Wednesday, December 17, 2014

Daughter of This Land

Thy veil, oh daughter of this land, is plush and rich, and it has been set about with branches of Cornish palms and with flowers of rose and bindweed. Thy lips of honey and currants taste, and of apples too. The air about thee smells sweet of tea olive, and thy cheeks glow bright as the orchid of the Hebrides. The form of thy body is cut, as from Anglesey's stone, and thy belly soft and curved as the hills of Devon. The flesh about thee is soft and smooth as the midlands' fields, and warm like woolen woven by the hands of angels and their kin.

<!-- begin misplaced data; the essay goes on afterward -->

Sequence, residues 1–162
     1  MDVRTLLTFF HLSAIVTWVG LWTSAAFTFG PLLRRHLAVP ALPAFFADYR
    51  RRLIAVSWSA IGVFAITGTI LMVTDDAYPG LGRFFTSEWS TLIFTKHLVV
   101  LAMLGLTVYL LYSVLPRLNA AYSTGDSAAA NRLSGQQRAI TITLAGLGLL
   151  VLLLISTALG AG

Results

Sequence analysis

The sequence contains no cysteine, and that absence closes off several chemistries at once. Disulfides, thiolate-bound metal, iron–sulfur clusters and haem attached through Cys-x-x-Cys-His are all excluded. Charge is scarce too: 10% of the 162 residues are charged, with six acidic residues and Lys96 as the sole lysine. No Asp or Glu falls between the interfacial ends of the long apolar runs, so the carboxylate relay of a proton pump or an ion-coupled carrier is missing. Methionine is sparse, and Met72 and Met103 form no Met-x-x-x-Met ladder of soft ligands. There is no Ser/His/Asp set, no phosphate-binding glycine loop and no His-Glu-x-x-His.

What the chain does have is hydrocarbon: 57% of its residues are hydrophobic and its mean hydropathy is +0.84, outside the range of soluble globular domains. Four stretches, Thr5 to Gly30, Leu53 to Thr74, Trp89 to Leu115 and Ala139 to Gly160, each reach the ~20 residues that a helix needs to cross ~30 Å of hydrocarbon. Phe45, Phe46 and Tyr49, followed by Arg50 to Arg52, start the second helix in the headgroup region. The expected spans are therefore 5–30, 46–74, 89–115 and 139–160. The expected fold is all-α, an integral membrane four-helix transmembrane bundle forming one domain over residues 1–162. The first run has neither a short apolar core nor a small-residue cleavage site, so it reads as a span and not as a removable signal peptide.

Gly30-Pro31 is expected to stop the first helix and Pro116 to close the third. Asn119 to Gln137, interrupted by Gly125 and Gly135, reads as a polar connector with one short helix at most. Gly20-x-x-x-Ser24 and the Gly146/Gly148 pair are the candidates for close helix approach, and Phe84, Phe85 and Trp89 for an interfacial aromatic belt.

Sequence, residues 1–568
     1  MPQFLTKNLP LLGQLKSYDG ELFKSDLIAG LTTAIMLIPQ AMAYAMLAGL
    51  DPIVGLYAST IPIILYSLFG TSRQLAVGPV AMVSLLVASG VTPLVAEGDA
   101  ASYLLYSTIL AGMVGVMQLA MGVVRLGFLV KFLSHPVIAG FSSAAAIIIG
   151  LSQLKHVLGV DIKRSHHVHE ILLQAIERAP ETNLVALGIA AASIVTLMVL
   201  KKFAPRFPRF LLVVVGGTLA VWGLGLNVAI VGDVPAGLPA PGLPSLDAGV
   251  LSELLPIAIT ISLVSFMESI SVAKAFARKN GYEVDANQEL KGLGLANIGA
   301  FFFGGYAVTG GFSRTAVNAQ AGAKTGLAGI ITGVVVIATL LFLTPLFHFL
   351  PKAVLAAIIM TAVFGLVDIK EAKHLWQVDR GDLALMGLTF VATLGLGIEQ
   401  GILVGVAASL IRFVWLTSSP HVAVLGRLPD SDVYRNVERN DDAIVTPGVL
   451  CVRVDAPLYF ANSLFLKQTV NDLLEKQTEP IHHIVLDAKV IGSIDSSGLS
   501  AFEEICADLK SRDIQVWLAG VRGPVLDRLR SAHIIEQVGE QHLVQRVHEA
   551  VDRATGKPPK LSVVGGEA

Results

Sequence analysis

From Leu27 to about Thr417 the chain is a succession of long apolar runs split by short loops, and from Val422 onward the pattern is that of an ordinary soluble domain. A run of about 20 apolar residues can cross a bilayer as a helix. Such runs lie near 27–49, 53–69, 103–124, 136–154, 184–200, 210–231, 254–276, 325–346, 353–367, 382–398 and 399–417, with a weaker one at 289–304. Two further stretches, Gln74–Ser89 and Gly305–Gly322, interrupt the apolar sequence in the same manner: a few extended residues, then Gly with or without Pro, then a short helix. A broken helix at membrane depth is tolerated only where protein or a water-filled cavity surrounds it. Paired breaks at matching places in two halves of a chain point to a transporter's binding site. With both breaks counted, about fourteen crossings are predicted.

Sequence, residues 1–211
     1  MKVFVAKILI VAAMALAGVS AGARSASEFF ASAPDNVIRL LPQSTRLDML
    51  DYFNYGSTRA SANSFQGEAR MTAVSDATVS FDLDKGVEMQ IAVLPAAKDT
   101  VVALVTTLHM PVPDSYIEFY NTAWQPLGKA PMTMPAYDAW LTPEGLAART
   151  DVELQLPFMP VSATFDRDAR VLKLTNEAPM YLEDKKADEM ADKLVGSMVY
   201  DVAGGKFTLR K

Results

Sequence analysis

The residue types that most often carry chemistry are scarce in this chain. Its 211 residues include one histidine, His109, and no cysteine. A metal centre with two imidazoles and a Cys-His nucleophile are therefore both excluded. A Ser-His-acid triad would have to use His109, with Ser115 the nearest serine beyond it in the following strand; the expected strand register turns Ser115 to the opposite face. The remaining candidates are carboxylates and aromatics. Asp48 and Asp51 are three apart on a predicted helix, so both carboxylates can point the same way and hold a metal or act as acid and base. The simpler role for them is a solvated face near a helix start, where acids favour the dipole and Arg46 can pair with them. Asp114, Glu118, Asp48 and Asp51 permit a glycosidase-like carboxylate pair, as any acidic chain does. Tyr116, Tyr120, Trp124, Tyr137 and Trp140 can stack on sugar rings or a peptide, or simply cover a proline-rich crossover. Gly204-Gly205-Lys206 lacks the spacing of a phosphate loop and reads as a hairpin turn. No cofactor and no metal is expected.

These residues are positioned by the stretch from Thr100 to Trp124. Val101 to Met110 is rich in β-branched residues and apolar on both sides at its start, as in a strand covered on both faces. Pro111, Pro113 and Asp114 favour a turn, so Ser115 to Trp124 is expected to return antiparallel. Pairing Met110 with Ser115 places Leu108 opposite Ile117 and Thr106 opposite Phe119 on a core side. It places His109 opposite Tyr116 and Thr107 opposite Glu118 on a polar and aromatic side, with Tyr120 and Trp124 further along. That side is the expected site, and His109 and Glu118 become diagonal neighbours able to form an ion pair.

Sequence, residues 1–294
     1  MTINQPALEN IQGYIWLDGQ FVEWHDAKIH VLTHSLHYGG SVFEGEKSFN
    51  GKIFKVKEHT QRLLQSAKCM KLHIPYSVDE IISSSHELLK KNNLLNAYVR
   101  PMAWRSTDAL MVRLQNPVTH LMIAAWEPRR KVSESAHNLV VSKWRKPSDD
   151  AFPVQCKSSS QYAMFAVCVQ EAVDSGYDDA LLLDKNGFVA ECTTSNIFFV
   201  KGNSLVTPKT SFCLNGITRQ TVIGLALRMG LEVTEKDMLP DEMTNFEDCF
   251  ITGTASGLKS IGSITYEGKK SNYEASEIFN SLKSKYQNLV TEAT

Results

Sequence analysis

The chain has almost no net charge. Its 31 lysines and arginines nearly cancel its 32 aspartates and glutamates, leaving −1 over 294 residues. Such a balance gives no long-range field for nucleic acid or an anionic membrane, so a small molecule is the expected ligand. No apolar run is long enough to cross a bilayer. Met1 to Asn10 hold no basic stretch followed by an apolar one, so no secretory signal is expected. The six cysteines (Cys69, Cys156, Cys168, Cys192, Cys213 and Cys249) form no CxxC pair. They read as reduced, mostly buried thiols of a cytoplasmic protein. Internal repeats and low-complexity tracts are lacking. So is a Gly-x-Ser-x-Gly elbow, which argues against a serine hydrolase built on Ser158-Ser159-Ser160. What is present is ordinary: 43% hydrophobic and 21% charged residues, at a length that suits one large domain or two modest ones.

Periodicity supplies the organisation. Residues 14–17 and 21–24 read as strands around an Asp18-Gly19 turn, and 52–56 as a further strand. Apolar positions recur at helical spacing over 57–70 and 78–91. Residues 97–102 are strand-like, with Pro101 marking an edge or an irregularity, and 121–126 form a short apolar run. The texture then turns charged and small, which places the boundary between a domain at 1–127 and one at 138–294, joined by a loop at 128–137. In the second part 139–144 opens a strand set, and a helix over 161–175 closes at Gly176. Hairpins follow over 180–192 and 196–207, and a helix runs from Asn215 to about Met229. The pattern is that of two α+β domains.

With eyes like stones pulled from each the Thames and Tyne and a smile which gleameth like Britania's blade thou ignitest within me a flame, a burning which wouldst fell the most chaste of men and bring them to weakness. A brow which is strong, and gentle yet excites such flame as to burn through all of the forests. Hands like mighty Dover's cliffs and delicate with not so much as a single flaw, and shaped by the skill of a master.

My Muse, my love, my darling, my sweet, and my inspiration art thou. From thee doth come my prose, inspired, and to thee do I owe my passion, eternal.

I am, and shall be all consumedly yours,


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